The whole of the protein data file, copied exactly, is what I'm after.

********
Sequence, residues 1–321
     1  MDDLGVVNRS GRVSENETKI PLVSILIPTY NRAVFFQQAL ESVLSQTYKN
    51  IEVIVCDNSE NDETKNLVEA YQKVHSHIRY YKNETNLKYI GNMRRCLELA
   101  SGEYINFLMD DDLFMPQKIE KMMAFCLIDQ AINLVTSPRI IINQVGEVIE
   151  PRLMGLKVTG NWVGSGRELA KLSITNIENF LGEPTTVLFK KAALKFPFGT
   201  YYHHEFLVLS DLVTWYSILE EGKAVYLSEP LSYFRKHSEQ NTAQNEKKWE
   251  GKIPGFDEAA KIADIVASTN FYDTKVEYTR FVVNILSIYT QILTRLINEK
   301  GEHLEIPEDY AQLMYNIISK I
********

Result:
Sequence, residues 1–321
     1  MDDLGVVNRS GRVSENETKI PLVSILIPTY NRAVFFQQAL ESVLSQTYKN
    51  IEVIVCDNSE NDETKNLVEA YQKVHSHIRY YKNETNLKYI GNMRRCLELA
   101  SGEYINFLMD DDLFMPQKIE KMMAFCLIDQ AINLVTSPRI IINQVGEVIE
   151  PRLMGLKVTG NWVGSGRELA KLSITNIENF LGEPTTVLFK KAALKFPFGT
   201  YYHHEFLVLS DLVTWYSILE EGKAVYLSEP LSYFRKHSEQ NTAQNEKKWE
   251  GKIPGFDEAA KIADIVASTN FYDTKVEYTR FVVNILSIYT QILTRLINEK
   301  GEHLEIPEDY AQLMYNIISK I